On Sunday 6th April I set off, having agreed to meet the other attendee at Heathrow at 6.30am! The plane to Bologna was of course delayed but that went in our favour as we had arranged  another person travelling from Belgium at Bologna.

Next challenge finding our way to the train station, the bus was just outside and so were the smokers! We forget in the UK what it is like to walk into that cloud of smoke..... At the station we had to wait an hour for the next train to Pesaro, the journey was great apart from the fact that we didn't know that you are allocated a carriage on the train so that involved moving once we were settled!

Arriving in Pesaro we had to wait 90 mins for the bus. Finally on the bus, the driver seemed to know it was the last run of the day and he raced along the roads with us being thrown around like ragdolls!

Arriving in Urbino an hour later we had arranged for a taxi to take us to the hotel, as we got off the bus the bells in the old town were riniging out Ave Maria. It was a beautiful sound on spring day and somewhat apt as it had taken us 13 hours to get to Urbino. It was quicker to get to New York last summer!

The evening was not over yet and there was a meet and greet and a meal, nodding off at the table was not a good look so I eventually took myself off to bed!

If the journey was like that the course has a lot to live up to!

Monday, 31 March 2014

What is the right amount of help to give?

The students are devising their questions and this is where I start to get worried. How much help is too much help?

Some of the students have sat there like small birds waiting for me to feed them the question - however the mark scheme says that students have to move to a lower band if they needed a lot of help to develop heir question. If the students come up with their own topic and identified the areas they want to research,  but can't hone the question to get something that lends itself to writing a dissertation, is giving them a question too much help?

This leads onto another question though - when is too little help acceptable? A friend's daughter is taking the EPQ at a 6th form college, talking to her over the weekend about the lessons she has had, the areas that have been covered (or not) in her lessons leads me on to ask when did 'independent learning' mean that students got virtually no help - she had not had a lesson on ethics, she didn't know what resources her College had in their library, she had never heard of Google Scholar, didn't know how to reference, didn't have a clue what integrating e-learning into the project meant and hadn't realised that picking an artefact  still meant that she had to research her topic and write a something on the background to her topic. She thought that she could just write about the process of making her artefact. The students at her College seem to be left to do everything themselves so what is the right balance?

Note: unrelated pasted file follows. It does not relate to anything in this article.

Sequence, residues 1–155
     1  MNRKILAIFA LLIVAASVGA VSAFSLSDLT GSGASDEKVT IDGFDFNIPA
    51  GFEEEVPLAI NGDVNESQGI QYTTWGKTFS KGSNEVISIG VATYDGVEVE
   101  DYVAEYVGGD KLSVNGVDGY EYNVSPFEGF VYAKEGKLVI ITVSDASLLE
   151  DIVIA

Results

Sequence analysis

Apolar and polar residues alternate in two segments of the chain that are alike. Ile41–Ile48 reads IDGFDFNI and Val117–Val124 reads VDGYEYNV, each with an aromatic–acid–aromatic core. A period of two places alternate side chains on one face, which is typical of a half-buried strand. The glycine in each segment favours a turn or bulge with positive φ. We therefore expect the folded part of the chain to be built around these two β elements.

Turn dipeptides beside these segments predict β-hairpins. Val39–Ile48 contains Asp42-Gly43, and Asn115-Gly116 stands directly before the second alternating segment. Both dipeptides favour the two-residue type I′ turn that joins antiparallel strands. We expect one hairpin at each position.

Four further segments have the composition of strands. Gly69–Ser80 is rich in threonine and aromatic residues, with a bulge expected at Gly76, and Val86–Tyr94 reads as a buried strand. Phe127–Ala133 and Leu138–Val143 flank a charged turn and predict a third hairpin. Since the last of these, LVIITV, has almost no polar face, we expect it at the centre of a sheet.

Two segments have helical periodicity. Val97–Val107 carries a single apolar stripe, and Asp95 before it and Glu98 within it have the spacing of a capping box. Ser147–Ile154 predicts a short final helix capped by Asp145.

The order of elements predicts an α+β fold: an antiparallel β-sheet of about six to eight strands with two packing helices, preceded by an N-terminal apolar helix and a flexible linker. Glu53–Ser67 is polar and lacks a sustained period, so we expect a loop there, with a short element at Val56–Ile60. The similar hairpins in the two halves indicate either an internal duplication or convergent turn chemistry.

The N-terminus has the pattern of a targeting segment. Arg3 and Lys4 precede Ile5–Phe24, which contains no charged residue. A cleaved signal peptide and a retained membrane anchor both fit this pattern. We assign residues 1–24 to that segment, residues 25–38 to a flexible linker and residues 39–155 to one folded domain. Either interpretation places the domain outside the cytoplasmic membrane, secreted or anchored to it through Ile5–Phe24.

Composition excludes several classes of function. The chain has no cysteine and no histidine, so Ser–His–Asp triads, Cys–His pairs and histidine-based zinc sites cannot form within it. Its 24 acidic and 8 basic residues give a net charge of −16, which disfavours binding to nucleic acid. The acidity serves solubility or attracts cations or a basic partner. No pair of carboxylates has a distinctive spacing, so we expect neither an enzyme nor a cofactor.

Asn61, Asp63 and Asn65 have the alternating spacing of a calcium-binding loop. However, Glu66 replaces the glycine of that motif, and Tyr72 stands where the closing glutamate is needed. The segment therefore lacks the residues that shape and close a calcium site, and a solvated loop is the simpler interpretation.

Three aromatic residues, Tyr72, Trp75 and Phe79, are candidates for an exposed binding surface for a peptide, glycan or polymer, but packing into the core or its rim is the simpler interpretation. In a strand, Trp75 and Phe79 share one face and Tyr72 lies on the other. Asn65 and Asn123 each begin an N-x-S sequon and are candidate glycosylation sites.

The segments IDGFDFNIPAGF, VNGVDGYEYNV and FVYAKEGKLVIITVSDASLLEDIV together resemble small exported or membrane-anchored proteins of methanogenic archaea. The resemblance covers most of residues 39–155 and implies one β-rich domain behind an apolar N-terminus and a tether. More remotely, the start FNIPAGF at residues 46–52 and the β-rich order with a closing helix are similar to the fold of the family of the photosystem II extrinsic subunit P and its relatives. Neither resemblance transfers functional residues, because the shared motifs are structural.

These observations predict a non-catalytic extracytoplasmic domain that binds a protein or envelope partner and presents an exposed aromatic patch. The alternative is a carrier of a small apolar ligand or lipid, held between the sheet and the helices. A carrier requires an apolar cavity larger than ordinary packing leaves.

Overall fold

I have been following the scheme of work from the Edexcel exam board so think I have got the  balance of lessons right but this leads me back to the question when is there too much help? We had a lesson on writing and developing your own questions but still some of them wanted me to write the question for them so what is the right balance?

Maybe I'm worrying needlessly and when I see the first draft of their dissertations that 6000 words of research and arguments will outweigh the small question of the title......

Saturday, 8 February 2014

EPQ planning

The students have returned to the course, handed in their mini project, had their feedback and are now in the throes of completing their project propsal forms.

The mini projects were useful in giving an indication into the way they work, the different approaches they took to planning and reflecting on their progress to date.

We have now started the planning stage and last week the students looked their objectives:

What skills do they want learn?
Why do they want to study the subject?
What do they want to gain from the whole process?

They also have to reflect on the reasons for their choice of subject, their future plans and how their EPQ will fit into this. In approximately nine months time they will be looking back on their reasons, the objectives, their timescales, the resources they used and taking stock of their EPQs and reflecting on what they have learnt and gained from the whole process. Evaluation is key to a successful project but is often forgotten in the relief of completing the task.